On Oct 17 2018 by H. Ronald Klasko
FAQs on Litigating an EB-5 Petition Denial
Our firm is frequently retained to challenge a petition denial in federal court, whether EB-5 or other immigrant petition. This blog is intended to dispel some myths of litigation and to clarify some of the basic information that our clients should know when litigation is the best or only option.
Q. Can all EB-5 petition denials be litigated in federal court?
A. The answer is yes for I-526s and I‑924s. The answer is also yes for regional center terminations. The answer is more complicated for I-829s. As discussed below, in most cases, I-829s must be renewed before an immigration judge in removal proceedings rather than appealed directly to federal court.
Q. Is it necessary to file an appeal with the AAO before proceeding to federal court?
A. No. For all EB-5 petitions, there is no mandatory administrative appeal. As such, Supreme Court precedent, holds that an investor or regional center can file a declaratory judgment in federal court without proceeding through the AAO appeal route.
Q. Even though it is not necessary to appeal to the AAO, is it usually advisable?
A. In my opinion, no. In the EB-5 space, the AAO is mostly a policy arm of the IPO. The percentage of EB-5 appeals overturned by the AAO is small. In addition, the AAO experiences lengthy delays. In my experience, the best chance of getting a positive result – – and getting it in a reasonable period of time – – is in federal court.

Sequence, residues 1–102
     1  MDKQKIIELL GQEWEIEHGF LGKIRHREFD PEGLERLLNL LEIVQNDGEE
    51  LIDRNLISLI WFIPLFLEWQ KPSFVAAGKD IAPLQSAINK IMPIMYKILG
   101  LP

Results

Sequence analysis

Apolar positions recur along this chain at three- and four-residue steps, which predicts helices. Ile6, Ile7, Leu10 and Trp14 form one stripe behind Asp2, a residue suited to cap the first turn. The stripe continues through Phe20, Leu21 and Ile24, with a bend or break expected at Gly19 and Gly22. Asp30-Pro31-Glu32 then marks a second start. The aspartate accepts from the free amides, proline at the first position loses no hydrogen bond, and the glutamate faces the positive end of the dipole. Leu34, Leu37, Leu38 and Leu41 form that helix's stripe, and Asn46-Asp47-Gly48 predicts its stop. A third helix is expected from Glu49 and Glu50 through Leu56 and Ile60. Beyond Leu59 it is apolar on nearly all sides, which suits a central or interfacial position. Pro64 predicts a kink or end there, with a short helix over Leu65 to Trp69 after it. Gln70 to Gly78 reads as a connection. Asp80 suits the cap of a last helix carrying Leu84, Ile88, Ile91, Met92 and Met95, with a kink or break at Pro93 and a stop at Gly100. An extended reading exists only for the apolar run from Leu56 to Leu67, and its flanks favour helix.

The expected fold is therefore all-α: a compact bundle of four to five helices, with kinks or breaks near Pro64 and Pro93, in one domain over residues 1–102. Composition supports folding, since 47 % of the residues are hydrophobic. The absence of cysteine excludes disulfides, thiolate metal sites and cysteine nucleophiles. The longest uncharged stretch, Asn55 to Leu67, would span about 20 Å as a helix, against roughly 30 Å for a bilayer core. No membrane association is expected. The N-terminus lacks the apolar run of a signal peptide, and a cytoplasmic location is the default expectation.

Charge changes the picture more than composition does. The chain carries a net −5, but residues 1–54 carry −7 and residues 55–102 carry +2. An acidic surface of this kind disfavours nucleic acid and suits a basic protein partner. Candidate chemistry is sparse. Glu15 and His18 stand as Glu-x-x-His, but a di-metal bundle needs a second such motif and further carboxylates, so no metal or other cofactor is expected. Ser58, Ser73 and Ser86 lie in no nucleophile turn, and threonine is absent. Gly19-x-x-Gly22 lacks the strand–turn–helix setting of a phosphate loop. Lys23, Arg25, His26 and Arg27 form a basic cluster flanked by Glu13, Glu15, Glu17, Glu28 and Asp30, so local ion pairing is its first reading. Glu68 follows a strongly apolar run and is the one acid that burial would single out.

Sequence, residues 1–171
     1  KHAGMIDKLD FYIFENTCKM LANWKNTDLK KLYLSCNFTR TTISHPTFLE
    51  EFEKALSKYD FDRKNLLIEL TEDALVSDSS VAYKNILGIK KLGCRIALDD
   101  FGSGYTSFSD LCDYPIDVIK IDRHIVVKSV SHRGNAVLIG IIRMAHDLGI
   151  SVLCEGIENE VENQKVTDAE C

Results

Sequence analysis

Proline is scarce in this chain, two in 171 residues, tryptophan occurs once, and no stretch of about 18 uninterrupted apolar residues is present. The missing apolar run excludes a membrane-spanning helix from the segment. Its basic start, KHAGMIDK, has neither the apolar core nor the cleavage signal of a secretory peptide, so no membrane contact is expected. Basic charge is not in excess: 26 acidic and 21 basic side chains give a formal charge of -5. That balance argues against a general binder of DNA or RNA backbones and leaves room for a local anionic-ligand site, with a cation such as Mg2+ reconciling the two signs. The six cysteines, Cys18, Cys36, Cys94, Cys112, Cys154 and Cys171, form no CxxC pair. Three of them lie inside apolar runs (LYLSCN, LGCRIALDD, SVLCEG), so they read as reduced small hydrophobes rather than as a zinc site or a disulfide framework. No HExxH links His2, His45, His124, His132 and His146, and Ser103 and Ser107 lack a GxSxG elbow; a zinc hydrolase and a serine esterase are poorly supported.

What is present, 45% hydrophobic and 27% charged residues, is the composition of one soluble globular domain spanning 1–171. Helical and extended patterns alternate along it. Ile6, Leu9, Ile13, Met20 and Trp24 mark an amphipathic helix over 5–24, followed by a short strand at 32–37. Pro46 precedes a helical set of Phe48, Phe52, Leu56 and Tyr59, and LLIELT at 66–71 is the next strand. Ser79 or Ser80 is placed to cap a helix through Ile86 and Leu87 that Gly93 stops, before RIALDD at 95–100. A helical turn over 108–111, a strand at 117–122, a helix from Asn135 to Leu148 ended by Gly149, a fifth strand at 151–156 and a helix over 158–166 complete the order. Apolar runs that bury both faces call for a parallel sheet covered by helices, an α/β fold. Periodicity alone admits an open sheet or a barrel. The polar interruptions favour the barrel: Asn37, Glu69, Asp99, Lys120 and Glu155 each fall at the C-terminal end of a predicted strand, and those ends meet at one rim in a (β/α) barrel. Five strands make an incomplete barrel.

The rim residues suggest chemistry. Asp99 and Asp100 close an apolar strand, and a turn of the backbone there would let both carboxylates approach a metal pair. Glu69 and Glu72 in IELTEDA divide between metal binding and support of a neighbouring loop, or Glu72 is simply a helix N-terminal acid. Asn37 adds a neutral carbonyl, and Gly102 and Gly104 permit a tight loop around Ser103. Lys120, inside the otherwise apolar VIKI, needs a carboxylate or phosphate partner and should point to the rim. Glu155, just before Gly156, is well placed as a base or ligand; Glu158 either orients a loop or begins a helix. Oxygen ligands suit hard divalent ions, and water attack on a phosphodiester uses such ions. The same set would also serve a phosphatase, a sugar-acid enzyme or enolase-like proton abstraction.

Q. Is it advisable to file a motion to reopen a denied decision before appealing to federal court?
A. The answer depends on how good the administrative record is. If there is a very complete administrative record, including where appropriate one or more expert opinions, a motion to reopen is more likely to be harmful than beneficial. The reason is that a motion to reopen usually produces a more thorough and well-reasoned denial decision than the original decision issued by the adjudicator. It is always preferable to go to federal court challenging a poorly reasoned, poorly written and often inaccurate decision. In rare instances, if a motion to reopen is accompanied by new and previously unavailable evidence, it may result in the decision being overturned and therefore obviating the necessity of litigation.
Q. In which district court should the complaint be filed?
A. It can always be filed in the District Court of the District of Columbia. It can also be filed where the plaintiff resides or where the activity occurred. It can also be filed in the district court having jurisdiction over the Service Center office that issued the denial. In our cases, we evaluate the relevant law at the circuit court level as well as the mix of judges at the district court level before making a decision in which venue to file. Being able to choose the venue is a big advantage.
Q. Who represents the government in the litigation?
A. The government is represented either by a U.S. Attorney or an attorney in the Office of Immigration Litigation. In either case, there is often a big advantage in being able to discuss the case with an attorney on the other side. In our experience, there are many cases where the government’s attorney will advocate to the client (USCIS) that it should consider settlement (approving the petition) rather than litigating (and having the possibility of a negative precedent).